https://doi.org/10.1093/ps/80.7.912...
; Bigot et al., 2003Bigot, K.; Mignon-Grasteau, S.; Picard, M. and Tesseraud, S. 2003. Effects of delayed feed intake on body, intestine, and muscle development in neonate broilers. Poultry Science 82:781-788. https://doi.org/10.1093/ps/82.5.781
https://doi.org/10.1093/ps/82.5.781...
; Maiorka et al., 2003Maiorka, A.; Santin, E.; Dahlke, F.; Boleli, I. C.; Furlan, R. L. and Macari, M. 2003. Posthatching water and feed deprivation affect the gastrointestinal tract and intestinal mucosa development of broiler chicks. Journal of Applied Poultry Research 12:483-492. https://doi.org/10.1093/japr/12.4.483
https://doi.org/10.1093/japr/12.4.483...
). Besides, according to Simon et al. (2019)Simon, Á.; Gulyás, G.; Mészár, Z.; Bhide, M.; Oláh, J.; Bai, P.; Csősz, É.; Jávor, A.; Komlósi, I.; Remenyik, J. and Czeglédi, L. 2019. Proteomics alterations in chicken jejunum caused by 24 h fasting. Peer J 7:e6588. https://doi.org/10.7717/peerj.6588
https://doi.org/10.7717/peerj.6588...
, 24-h fasting mainly affects the expression of structural proteins and proteins involved in lipid transport, general stress response, and intestinal defense.

Several studies have reported that the sooner chicks eat, the better their future performance will be (Noy and Sklan, 1999Noy, Y. and Sklan, D. 1999. Different types of early feeding and performance in chicks and poults. Journal of Applied Poultry Research 8:16-24. https://doi.org/10.1093/japr/8.1.16
https://doi.org/10.1093/japr/8.1.16...
; Almeida et al., 2006aAlmeida, J. G.; Dahlke, F.; Maiorka, A.; Macari, M. and Furlan, R. L. 2006a. Efeito do jejum no intervalo entre o nascimento e o alojamento sobre o desempenho de frangos de corte provenientes de matrizes de diferentes idades. Archives of Veterinary Science 11:50-54. https://doi.org/10.5380/avs.v11i2.6785
https://doi.org/10.5380/avs.v11i2.6785...
; Obun and Osaguona, 2013Obun, C. O. and Osaguona, P. O. 2013. Influence of post-hatch starvation on broiler chick's productivity. Journal of Agriculture and Veterinary Science 3:5-8.). On the other hand, other studies have shown that although the body weight (BW) of chicks fasted after hatching is lower than the BW of other broilers at the initial phase, the effect is not observed at the end of the growing period (Baião et al., 1998Baião, N. C.; Rodriguez, M. F.; Lúcio, C. G. and Cançado, S. V. 1998. Efeito do período de jejum entre o nascimento e o alojamento de pintos sobre o desempenho do frango e digestibilidade da ração. Arquivo Brasileiro de Medicina Veterinária e Zootecnia 50:321-327.; Vieira and Moran Jr., 1999Vieira, S. L. and Moran Jr., E. T. 1999. Effects of delayed placement and used litter on broiler yields. Journal of Applied Poultry Research 8:75-81. https://doi.org/10.1093/japr/8.1.75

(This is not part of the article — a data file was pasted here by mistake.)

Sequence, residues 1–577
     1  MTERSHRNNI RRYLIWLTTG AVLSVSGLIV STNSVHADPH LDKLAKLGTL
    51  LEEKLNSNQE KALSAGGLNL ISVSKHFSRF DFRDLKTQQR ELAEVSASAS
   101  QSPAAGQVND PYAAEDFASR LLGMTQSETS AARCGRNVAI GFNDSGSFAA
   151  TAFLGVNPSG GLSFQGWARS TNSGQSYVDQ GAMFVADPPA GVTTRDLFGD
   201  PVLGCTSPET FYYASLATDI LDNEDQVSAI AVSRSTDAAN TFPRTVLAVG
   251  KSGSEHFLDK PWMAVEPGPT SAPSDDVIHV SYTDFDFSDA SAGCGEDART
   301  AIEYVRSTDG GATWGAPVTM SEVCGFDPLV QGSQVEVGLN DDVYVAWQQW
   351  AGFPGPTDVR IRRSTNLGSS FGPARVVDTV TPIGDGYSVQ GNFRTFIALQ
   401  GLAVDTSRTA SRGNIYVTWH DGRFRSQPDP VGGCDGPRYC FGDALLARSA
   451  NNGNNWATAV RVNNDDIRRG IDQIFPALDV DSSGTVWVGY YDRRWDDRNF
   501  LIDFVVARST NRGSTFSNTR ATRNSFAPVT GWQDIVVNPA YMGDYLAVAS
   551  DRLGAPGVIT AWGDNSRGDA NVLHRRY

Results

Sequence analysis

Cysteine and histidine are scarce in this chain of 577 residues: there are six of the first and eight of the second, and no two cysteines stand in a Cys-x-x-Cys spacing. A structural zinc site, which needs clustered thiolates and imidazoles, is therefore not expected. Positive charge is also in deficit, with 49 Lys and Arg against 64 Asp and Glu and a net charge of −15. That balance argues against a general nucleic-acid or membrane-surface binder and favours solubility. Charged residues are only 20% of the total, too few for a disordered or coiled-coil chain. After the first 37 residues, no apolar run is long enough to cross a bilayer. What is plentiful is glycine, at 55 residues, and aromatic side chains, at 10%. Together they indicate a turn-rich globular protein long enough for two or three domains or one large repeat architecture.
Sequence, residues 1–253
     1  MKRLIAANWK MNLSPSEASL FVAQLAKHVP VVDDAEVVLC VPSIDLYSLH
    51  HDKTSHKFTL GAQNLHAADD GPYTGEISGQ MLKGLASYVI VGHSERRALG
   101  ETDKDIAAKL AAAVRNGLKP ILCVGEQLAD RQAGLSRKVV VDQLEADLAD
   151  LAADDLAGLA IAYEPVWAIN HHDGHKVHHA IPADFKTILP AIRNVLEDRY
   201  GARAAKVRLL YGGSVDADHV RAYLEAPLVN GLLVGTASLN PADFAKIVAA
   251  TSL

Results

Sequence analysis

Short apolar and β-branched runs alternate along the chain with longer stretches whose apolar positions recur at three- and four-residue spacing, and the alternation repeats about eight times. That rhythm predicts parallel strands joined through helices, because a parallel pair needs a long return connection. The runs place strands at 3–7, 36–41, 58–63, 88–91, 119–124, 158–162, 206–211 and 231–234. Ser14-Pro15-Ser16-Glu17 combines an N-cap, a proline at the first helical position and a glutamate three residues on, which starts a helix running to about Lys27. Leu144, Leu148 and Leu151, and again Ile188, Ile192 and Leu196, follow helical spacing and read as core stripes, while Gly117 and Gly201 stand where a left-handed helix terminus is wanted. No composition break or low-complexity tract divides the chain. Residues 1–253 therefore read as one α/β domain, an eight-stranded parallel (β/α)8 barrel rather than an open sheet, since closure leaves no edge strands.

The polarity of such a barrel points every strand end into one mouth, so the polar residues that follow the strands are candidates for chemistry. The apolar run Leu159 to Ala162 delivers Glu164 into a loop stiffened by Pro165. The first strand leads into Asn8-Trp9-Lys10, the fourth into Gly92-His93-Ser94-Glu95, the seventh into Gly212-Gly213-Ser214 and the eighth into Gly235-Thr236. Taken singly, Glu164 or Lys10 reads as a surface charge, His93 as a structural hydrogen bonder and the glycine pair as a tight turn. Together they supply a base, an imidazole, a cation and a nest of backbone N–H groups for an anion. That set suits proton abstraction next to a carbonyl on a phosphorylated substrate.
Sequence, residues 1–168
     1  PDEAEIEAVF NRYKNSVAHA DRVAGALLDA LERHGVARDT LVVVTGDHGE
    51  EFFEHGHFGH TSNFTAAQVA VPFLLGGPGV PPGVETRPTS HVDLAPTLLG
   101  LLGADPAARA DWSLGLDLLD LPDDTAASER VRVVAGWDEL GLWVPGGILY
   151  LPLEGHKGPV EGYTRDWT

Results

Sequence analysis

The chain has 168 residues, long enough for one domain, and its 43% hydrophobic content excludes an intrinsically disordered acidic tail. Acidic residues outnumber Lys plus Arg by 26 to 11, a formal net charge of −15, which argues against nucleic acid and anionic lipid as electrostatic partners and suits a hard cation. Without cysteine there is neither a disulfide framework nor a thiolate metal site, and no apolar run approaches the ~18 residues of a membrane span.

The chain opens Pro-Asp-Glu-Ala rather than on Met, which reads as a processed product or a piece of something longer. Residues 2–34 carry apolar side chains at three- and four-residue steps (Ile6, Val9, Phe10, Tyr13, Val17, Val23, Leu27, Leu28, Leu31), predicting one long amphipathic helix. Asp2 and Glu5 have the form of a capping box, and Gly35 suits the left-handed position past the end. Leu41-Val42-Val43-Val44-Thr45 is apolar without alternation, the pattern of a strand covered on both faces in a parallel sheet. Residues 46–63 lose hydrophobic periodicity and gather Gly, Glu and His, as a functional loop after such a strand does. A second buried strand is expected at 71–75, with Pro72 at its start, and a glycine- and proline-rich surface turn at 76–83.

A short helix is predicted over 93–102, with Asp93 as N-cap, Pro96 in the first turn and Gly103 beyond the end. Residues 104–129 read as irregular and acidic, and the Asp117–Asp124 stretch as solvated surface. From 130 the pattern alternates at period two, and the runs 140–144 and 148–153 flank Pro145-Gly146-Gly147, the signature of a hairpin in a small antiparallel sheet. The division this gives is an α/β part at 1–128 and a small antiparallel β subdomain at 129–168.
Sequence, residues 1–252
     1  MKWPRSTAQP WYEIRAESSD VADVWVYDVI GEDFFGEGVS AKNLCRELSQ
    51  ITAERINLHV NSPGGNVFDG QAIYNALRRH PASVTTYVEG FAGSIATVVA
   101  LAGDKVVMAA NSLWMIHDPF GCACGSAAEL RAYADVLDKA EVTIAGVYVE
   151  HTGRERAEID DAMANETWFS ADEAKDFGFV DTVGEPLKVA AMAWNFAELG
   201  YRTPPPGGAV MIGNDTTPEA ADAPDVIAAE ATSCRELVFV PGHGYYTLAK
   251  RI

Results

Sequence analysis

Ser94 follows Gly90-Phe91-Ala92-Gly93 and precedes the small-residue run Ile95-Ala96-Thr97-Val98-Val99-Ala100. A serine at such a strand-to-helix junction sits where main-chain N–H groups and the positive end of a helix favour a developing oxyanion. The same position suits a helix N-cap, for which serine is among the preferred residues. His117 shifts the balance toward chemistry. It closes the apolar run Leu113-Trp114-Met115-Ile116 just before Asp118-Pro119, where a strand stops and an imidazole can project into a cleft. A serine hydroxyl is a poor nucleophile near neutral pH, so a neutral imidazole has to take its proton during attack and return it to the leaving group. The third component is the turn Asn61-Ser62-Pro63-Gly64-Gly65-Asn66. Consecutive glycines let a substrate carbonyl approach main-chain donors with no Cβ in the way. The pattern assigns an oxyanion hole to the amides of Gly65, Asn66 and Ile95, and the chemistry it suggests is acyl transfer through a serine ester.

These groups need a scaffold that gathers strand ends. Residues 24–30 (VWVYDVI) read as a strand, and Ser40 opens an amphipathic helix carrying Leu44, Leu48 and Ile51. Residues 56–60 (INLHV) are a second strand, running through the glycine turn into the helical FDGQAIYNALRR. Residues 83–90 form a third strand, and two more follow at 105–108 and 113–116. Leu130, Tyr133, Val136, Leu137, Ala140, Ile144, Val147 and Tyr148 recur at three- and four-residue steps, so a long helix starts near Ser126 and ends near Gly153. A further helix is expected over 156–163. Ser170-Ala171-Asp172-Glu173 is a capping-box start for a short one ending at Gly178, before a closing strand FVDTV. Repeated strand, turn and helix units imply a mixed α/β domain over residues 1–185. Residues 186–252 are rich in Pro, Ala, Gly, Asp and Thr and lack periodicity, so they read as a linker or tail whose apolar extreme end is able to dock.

https://doi.org/10.1093/japr/8.1.75...
; Hooshmand, 2006Hooshmand, M. 2006. Effect of early feeding programs on broiler performance. International Journal of Poultry Science 5:1140-1143. https://doi.org/10.3923/ijps.2006.1140.1143
https://doi.org/10.3923/ijps.2006.1140.1...
; Bergoug et al., 2013Bergoug, H.; Guinebretiere, M.; Tong, Q.; Roulston, N.; Romanini, C. E. B.; Exadaktylos, V.; Berckmans, D.; Garain, P.; Demmers, T. G. M.; McGonnell, I. M.; Bahr, C.; Burel, C.; Eterradossi, N. and Michel, V. 2013. Effect of transportation duration of 1-day-old chicks on postplacement production performances and pododermatitis of broilers up to slaughter age. Poultry Science 92:3300-3309. https://doi.org/10.3382/ps.2013-03118
https://doi.org/10.3382/ps.2013-03118...
). However, most studies considered day of pulling as the first day, and so conflicting results in the literature are mainly due to the methodology used to measure broiler age (Almeida et al., 2006bAlmeida, J. G.; Vieira, S. L.; Gallo, B. B.; Conde, O. R. A. and Olmos, A. R. 2006b. Period of incubation and posthatching holding time influence on broiler performance. Brazilian Journal of Poultry Science 8:153-158. https://doi.org/10.1590/S1516-635X2006000300003
https://doi.org/10.1590/S1516-635X200600...
).

Thus, in this study, two methodologies for measuring the age of broiler chickens were compared: one considering day of pulling as the first day of age, the other considering day of placement as the first day. The objective of this study was to determine whether the methodology used to measure age interferes with broiler chicken performance, and to evaluate the effect of placement time on broiler chicken performance, gastrointestinal organ weight, and development of duodenum crypts and villi.

Material and Methods

The experiment was conducted in Igarapé, Brazil (20°04'13" S and 44°18'06" W). The current experimental protocol was approved by the Ethical Principles in Animal Experimentation Committee (case no. 227/2012).

A total of 1,056 one-day-old male Cobb® 500 broiler chicks from 48-week old broiler breeders were obtained from a commercial hatchery, where the egg incubation period was average 504 h. On day 18 of incubation (432 h), in ovo vaccination against Marek's disease was performed.

Seven hundred and twenty of the one-day-old broiler chicks were used to evaluate broiler performance while the other 336 were used to evaluate organs. The two groups of chicks were kept in separate pens to prevent interference with stocking density and broiler performance. For the evaluation of broiler performance, chicks were placed, 30 per pen (12 birds/m²), in a poultry house with water and feed provided ad libitum. For the evaluation of organs, 84 chicks were placed per pen. A lighting program of 18 h of light + 6 h of darkness was adopted.

Treatments were defined according to time spent between pulling and placement as follows: chicks housed upon arrival at the poultry house (3 h after pulling); chicks housed 24 h after pulling; chicks housed 48 h after pulling; and chicks housed 72 h after pulling. Chicks were held inside transportation boxes without access to feed and water before placement. The transport truck maintained the temperature at 32 °C.